The user’s DNS server maintains lookup tables that get updated whenever a change occurs in the IP address of any Internet server, but this happens slowly as the information is propagated to DNS servers around the world. DDNS is a trusted intermediary service that provides a URL that is automatically updated by the cellular modem whenever the carrier changes the modem’s IP address. The user can now point their browser to the intermediary DDNS server and have a reliable “real-time” way to access the cellular modem’s IP address from anywhere and anytime the user might need. A basic account with a DDNS service provider, like www.dyndns.com, is free and allows the user to specify a human recognizable string like “avalan01.dyndns.org”, that will be reliably redirected to the current IP address of the user’s device. The port numbers that would normally be at the end of the IP address can be specified at the end of the word string and will be ap- pended to the IP address request sent to the remote device; for example, “avalan01. dyndns.org:8081 =”

Because cellular modem data plans can provide blocked incoming ports and non-fixed IP addresses, these limitations are difficult to overcome. Persistent efforts and setup fees paid to the carrier may yield a workable solution, but there is an easier way.

A network-to-network tunnel can be used to connect a remote device with a corporate management network. If the corporate network presents a fixed IP address to the Internet (most do), a carefully chosen tunneling appliance can be easy to setup and less expensive than paying for a fixed IP address at the remote end.

The tunneling appliance consists of two small network appliance boxes with matched encryption keys that are programmed with the basic information required for the devices to find each other over the Internet.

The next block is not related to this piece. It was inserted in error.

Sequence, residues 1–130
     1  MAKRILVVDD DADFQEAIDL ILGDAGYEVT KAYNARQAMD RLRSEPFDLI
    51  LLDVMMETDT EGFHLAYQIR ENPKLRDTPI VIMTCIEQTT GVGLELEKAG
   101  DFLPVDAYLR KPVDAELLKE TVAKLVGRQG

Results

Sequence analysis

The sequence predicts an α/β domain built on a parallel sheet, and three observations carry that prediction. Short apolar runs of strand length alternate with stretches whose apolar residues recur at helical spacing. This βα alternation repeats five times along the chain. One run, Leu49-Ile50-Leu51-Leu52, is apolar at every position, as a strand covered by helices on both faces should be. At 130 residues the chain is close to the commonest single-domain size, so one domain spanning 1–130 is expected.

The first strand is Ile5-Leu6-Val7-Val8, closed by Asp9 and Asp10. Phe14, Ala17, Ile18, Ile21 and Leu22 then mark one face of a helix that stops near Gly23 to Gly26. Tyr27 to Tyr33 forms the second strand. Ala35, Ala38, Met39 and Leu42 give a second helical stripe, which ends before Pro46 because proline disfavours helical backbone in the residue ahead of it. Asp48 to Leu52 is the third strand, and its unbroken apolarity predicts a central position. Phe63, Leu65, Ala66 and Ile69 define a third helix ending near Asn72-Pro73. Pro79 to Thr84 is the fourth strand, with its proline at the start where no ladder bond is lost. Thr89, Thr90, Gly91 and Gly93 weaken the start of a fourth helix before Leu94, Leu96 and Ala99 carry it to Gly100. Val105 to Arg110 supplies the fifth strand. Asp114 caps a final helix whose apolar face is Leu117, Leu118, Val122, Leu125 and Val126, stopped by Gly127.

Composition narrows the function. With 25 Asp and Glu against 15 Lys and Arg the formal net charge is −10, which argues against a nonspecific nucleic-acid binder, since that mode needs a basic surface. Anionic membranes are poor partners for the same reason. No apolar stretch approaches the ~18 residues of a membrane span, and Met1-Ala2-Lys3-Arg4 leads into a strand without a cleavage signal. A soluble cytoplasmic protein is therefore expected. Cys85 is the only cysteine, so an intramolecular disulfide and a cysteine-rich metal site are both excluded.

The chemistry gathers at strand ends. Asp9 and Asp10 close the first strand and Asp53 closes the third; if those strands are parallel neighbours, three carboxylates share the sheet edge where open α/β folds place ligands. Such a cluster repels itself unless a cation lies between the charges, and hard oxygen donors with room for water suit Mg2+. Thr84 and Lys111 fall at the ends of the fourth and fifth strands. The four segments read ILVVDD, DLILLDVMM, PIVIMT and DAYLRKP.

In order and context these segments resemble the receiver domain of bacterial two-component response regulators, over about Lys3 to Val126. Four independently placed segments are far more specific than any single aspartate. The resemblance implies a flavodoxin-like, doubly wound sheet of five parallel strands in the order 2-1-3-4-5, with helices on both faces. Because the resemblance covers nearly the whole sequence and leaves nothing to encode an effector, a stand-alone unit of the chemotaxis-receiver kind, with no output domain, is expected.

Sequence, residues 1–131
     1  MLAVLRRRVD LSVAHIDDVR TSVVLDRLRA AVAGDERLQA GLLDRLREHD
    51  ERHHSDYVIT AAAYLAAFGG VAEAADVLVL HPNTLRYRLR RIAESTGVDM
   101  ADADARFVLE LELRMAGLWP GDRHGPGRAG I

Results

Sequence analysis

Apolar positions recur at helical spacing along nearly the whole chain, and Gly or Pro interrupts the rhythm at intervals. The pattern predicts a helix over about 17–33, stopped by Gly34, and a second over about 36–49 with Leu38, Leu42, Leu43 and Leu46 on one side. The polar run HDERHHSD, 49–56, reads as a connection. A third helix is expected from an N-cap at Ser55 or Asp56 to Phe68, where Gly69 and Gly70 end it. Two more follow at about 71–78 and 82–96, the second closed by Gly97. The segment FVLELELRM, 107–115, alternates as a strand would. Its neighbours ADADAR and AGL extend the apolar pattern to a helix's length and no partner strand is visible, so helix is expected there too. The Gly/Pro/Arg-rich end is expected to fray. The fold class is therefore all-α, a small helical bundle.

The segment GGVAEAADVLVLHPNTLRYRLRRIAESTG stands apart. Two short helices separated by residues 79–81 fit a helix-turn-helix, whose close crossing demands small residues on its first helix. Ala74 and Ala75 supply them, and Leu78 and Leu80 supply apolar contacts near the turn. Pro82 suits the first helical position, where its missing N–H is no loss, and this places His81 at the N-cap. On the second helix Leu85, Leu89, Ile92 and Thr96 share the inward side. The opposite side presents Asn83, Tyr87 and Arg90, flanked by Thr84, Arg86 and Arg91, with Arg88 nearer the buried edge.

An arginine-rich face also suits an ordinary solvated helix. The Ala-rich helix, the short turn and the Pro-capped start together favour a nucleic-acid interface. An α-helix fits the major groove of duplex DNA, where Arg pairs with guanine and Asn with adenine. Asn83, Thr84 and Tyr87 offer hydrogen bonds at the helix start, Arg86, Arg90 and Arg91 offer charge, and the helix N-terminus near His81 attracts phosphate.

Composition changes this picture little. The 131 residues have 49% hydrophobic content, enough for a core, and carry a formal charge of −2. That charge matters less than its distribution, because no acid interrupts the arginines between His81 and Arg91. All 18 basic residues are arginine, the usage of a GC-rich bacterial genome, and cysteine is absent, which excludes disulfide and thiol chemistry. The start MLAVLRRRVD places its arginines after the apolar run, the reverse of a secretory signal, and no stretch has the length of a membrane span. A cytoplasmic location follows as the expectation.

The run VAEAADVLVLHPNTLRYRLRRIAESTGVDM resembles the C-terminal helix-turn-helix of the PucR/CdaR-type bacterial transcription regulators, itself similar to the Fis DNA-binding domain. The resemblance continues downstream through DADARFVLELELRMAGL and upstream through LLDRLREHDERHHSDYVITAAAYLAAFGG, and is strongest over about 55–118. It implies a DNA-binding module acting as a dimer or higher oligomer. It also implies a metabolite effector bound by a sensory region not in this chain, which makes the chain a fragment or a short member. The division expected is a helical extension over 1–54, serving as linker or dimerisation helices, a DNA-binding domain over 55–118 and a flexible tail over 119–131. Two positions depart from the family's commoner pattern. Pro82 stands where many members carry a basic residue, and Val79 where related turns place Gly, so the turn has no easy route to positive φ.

One appliance is installed behind the cellular modem’s firewall and initiates a connection by sending an outbound message to the other device that is installed behind the firewall at management network. The outbound message from the client creates a temporary port opening through the cellular firewalls. Once the management-side appliance receives the message to initiate handshaking from its remote partner, the connection is negotiated, authenticated and encrypted through this port. The cellular firewall’s temporary port remains open to bi-directional network traffic unless the IP address of the cellular firewall changes or the connection is interrupted. Upon loss of connection, the remote appliance immediately begins sending connection initiation messages to reestablish the connection.

A well-architected tunneling appliance forwards all broadcast and unicast Ethernet traffic to ensure that devices operate transparently over the tunnel. Tunnel-attached devices will appear to management side users to be directly on their own network and cellular side users will appear to be directly on the management side network. Advanced users may choose to employ additional port forwarding at the management side to allow Internet accessibility for the tunnelattached networked devices.

This management side port forwarding technique allows the tunnel-attached devices to appear to Internet users to be at the fixed IP address: port of the management side’s firewall. Some remote access applications may require that many users have the simultaneous ability to request data from the tunnel-attached devices and may benefit from buffered rebroadcasting techniques at the management side to conserve cellular data usage. This seamless network to network connectivity can ease the integration efforts required to enable rebroadcasting techniques.

AvaLAN Wireless Systems has recently introduced a product that implements this type of tunneling appliance. The AW-HSNetAppliance is a small hardware box used in pairs as described above, implementing a VPN tunnel that circumvents the challenges posed by retrieving remote data through the cellular network.

In addition, the AW-HSNetAppliance goes further by providing fully FIPS 140- 2 Level 2 certified hardware-based encryption to protect the security of data passed through the tunnel. Anyone in a government agency or sensitive private industry such as health care, energy or financial with a need to transfer sensitive but unclassified data is now required to encrypt this data with a method that conforms to NIST Standard FIPS 140.2.

This article originally appeared in the February 2013 issue of Security Today.